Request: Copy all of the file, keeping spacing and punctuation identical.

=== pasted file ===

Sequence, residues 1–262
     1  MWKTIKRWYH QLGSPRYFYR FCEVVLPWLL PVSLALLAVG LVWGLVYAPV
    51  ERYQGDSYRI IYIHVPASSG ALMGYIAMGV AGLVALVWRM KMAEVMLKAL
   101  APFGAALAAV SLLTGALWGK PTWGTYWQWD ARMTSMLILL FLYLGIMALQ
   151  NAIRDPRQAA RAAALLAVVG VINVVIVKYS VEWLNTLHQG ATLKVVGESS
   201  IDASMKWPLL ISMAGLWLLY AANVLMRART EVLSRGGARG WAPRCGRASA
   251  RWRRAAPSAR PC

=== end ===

Sequence, residues 1–262
     1  MWKTIKRWYH QLGSPRYFYR FCEVVLPWLL PVSLALLAVG LVWGLVYAPV
    51  ERYQGDSYRI IYIHVPASSG ALMGYIAMGV AGLVALVWRM KMAEVMLKAL
   101  APFGAALAAV SLLTGALWGK PTWGTYWQWD ARMTSMLILL FLYLGIMALQ
   151  NAIRDPRQAA RAAALLAVVG VINVVIVKYS VEWLNTLHQG ATLKVVGESS
   201  IDASMKWPLL ISMAGLWLLY AANVLMRART EVLSRGGARG WAPRCGRASA
   251  RWRRAAPSAR PC